Sunday, July 10, 2011

July 9th - Back to Queen's Park

The final day!
In 32 days on the road, I cycled 30 days.  In those 30 days, I cycled a total of 1,828.8 kilometers for an average of 61 kilometers per day.  Along the way I met a lot of people who knew a lot about Lyme.  Along the way, I spoke in several school to students who unfortunately knew very little about a disease that if misdiagnosed for as few as 4 months, can cause the debilitating, and in Canada, the medically untreatable disease known as Chronic Lyme Disease.
The greatest moments of Cycle For Lyme are too numerous to list.  From a simple wave and blow of the horn along the road to an emergency doctor in Deep River who made a huge impact by professionally determining what went wrong inside my left knee, the kindness was and is much appreciated.  To all that provided donations, I thank you for reducing the financial load that undertaking Cycle For Lyme has created.
As someone who hasn't been able to work fulltime for over a decade and who was bedridden for weeks at a time only 2 short years ago,  I continue to find myself surprised by how far I have come and what I have accomplished.  In simple words, the thought that I was told that I needed open heart surgery and that I may only have a few months to live because of a faulty heart valve is just icing on the cake of how out of touch the Canadian healthcare system is with respect to Lyme Disease. 
Where Cycle For Lyme goes from here is yet to be determined.  All Lyme disease groups from east to west need to start working together, rather than on their own, in order to have a solid, collective voice to make the Canadian healthcare system finally accept that there are thousands of Canadians infected by Borrleia burgdorferi.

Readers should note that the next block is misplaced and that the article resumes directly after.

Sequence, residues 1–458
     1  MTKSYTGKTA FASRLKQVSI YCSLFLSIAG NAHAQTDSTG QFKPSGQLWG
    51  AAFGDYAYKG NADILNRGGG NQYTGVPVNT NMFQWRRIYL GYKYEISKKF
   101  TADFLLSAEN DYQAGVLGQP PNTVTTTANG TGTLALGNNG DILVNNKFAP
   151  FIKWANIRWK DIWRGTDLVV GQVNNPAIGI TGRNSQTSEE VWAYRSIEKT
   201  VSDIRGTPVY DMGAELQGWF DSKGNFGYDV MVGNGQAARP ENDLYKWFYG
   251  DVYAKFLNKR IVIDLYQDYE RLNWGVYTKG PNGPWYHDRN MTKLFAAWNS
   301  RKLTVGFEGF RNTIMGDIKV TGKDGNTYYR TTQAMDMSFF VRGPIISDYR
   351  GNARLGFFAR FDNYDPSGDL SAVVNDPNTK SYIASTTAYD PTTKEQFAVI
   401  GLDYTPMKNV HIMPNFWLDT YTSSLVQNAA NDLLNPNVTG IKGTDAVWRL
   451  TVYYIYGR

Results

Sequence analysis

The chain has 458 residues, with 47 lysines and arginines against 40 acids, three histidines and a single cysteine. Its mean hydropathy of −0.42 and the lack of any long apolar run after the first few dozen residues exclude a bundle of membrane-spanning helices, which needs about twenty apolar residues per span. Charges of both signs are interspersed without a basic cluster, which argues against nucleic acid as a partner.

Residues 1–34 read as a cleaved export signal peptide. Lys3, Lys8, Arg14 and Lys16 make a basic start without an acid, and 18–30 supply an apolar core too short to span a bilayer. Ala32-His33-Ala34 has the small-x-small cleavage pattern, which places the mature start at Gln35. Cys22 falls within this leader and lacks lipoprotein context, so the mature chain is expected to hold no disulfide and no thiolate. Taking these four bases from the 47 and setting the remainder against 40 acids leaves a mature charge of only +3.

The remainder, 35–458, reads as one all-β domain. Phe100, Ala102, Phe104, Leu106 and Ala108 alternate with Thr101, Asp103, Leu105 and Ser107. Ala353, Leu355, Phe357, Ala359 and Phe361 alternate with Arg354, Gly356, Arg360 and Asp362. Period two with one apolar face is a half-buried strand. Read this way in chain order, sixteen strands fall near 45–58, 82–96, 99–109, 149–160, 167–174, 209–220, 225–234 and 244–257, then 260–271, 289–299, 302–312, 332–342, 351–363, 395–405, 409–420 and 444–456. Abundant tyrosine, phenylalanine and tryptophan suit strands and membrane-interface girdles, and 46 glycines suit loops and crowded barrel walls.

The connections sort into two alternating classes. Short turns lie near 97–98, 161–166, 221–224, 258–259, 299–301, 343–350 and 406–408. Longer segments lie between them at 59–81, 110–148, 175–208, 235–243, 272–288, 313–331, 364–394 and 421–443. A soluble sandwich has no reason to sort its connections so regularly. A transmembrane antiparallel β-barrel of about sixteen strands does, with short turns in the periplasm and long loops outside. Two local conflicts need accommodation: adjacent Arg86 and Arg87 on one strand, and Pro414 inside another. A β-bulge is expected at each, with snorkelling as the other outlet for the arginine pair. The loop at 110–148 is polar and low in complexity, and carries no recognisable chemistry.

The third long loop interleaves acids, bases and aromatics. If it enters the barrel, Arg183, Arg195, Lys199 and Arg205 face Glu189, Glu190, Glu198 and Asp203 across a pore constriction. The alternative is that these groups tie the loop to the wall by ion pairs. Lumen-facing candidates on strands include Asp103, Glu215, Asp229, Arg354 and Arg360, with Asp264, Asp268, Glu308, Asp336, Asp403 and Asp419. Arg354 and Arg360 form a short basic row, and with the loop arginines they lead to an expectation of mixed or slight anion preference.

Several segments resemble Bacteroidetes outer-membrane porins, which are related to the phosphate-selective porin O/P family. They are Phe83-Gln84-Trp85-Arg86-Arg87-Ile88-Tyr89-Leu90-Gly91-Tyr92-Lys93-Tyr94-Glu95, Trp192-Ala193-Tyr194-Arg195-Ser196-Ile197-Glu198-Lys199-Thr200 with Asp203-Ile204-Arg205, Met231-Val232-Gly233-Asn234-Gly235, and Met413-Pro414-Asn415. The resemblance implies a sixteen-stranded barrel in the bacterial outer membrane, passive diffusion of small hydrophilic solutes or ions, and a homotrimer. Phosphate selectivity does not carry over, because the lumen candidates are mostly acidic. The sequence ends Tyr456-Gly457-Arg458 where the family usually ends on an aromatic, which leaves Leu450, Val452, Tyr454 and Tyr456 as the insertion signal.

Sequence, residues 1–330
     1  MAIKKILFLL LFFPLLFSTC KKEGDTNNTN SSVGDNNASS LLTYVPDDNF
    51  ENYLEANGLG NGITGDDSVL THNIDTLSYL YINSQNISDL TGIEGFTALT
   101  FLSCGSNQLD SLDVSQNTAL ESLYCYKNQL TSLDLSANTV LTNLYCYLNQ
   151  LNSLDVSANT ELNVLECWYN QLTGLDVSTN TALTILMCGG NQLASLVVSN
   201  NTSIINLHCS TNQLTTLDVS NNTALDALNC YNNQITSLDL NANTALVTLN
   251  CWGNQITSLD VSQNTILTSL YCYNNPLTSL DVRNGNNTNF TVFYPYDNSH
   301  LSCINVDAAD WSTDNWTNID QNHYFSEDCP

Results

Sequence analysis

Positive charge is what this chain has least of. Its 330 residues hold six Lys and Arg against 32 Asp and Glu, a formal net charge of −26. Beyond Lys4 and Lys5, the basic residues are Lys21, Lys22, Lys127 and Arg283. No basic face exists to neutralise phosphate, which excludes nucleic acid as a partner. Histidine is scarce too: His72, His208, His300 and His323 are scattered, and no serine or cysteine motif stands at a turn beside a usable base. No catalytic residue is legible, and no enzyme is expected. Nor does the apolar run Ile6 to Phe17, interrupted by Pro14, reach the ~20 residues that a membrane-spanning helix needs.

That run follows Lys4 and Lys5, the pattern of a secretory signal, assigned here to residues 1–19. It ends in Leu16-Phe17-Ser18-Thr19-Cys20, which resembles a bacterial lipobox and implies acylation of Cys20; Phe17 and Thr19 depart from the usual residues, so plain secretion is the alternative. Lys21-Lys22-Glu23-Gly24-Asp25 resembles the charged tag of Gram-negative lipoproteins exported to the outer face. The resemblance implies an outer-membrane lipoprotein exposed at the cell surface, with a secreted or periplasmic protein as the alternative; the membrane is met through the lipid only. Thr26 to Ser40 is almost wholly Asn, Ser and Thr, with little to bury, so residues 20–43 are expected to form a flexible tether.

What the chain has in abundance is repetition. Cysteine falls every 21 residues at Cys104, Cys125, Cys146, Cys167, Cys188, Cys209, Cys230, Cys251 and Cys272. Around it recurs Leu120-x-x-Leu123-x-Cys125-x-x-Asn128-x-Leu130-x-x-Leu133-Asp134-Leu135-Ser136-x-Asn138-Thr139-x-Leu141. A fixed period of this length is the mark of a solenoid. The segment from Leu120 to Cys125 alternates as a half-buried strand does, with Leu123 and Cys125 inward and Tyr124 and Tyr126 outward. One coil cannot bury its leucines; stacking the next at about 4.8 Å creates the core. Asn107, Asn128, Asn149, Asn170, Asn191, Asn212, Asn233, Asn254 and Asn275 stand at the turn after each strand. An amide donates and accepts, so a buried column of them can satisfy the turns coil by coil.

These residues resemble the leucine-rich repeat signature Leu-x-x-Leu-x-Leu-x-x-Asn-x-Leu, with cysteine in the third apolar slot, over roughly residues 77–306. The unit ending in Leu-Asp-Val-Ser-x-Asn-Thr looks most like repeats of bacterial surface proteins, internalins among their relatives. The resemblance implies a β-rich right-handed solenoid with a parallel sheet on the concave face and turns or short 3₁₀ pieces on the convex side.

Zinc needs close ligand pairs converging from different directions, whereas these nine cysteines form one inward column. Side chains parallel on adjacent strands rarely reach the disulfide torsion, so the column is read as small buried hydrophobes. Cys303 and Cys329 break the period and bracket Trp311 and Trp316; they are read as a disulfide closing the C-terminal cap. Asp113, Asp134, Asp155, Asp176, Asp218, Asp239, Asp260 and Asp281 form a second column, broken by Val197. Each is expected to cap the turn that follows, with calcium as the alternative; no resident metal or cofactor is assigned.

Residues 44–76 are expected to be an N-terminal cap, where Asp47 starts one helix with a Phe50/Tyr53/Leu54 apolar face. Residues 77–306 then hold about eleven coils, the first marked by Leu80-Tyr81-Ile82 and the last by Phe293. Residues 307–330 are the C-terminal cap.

What Cycle For Lyme has proven is that in every part of the province of Ontario, there are real people suffering with real symptoms of a disease that few doctors in the province know anything about.  It continues to boggle my mind to think that Canadians have to travel to the United States and pay for treatment to try and combat a disease that has been within a couple of hours of the Canadian border for 35 years.  We are not a third world country, yet with Lyme disease, we may as well be.
To all that have supported me, Heather, Gavin, my family, and all others in the many ways to make Cycle For Lyme a success, I thank you.
I will stop here......I have to go for a ride on my bicycle......just because I can.

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